"Game-changing." —Sy Montgomery, New York Times Book ReviewMama’s Last Hug is a fascinating exploration of the rich emotional lives of animals, beginning with Mama, a chimpanzee matriarch who formed a deep bond with biologist Jan van Hooff. Her story and others like it—from dogs “adopting” the injuries of their companions, to rats helping fellow rats in distress, to elephants revisiting the bones of their loved ones—show that humans are not the only species with the capacity for love, hate, fear, shame, guilt, joy, disgust, and empathy. Frans de Waal opens our hearts and minds to the many ways in which humans and other animals are connected.
“The definitive tour through a bewildering jungle of…claims that compose a multibillion-dollar recovery industry.” —David Epstein, best-selling author of The Sports Gene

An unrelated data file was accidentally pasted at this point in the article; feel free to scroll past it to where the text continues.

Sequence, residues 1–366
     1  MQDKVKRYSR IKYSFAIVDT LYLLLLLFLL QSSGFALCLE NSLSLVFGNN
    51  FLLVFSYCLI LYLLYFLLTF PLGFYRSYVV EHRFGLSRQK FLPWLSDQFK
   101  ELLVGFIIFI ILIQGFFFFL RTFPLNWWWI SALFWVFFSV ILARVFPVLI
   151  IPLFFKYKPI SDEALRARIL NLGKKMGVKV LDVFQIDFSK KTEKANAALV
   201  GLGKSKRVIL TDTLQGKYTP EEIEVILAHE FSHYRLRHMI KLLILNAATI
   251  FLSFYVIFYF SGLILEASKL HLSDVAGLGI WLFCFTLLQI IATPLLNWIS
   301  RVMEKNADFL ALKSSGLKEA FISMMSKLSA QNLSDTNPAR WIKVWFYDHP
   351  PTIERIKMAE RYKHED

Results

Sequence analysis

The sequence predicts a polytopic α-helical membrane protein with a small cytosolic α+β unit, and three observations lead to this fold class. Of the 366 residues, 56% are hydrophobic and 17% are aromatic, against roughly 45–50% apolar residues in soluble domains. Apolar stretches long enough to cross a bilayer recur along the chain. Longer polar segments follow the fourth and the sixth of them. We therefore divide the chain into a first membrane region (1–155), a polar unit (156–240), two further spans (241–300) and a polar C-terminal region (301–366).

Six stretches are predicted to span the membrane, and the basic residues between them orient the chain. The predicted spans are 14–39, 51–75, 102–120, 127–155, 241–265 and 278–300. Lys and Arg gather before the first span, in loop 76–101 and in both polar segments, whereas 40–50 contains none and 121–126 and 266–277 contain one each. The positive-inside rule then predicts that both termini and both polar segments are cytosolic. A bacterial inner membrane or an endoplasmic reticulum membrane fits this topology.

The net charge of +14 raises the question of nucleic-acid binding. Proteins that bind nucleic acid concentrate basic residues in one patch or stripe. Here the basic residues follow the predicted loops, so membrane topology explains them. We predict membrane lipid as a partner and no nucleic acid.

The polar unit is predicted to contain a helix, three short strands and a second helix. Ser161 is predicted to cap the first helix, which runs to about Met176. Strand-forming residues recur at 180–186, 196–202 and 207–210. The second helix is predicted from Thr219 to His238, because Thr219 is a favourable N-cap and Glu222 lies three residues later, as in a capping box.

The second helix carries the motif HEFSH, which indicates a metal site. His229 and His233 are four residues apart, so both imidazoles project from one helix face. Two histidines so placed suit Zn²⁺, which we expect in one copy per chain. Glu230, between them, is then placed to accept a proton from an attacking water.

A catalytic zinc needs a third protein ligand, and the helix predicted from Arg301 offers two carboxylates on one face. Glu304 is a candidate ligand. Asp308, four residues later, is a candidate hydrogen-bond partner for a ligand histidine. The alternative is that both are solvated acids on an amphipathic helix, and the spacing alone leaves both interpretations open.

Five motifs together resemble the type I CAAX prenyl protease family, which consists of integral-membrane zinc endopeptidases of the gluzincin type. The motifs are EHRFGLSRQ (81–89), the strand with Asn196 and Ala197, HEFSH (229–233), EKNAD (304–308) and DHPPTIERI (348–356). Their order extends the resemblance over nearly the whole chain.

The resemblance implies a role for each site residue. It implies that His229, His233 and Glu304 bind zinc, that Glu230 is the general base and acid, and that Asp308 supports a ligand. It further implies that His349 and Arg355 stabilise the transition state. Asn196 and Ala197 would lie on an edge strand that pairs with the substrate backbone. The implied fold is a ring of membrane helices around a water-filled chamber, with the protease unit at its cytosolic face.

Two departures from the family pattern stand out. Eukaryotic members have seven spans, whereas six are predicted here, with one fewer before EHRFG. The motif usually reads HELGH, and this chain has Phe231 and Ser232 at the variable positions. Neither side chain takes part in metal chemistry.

Acclaimed science journalist Christie Aschwanden takes readers on an entertaining and enlightening tour through the latest science on sports and fitness recovery. She investigates claims about sports drinks, chocolate milk, and “recovery” beer; examines the latest recovery trends; and even tests some for herself, including cryotherapy, foam rolling, and Tom Brady–endorsed infrared pajamas. Good to Go seeks an answer to the question: Do any of these things actually help the body recover and achieve peak performance?
You don’t have to be racist to be biased. Unconscious bias can be at work without our realizing it, and even when we genuinely wish to treat all people equally, ingrained stereotypes can infect our visual perception, attention, memory, and behavior. This has an impact on education, employment, housing, and criminal justice. In Biased, with a perspective that is at once scientific, investigative, and informed by personal experience, Jennifer Eberhardt offers us insights into the dilemma and a path forward.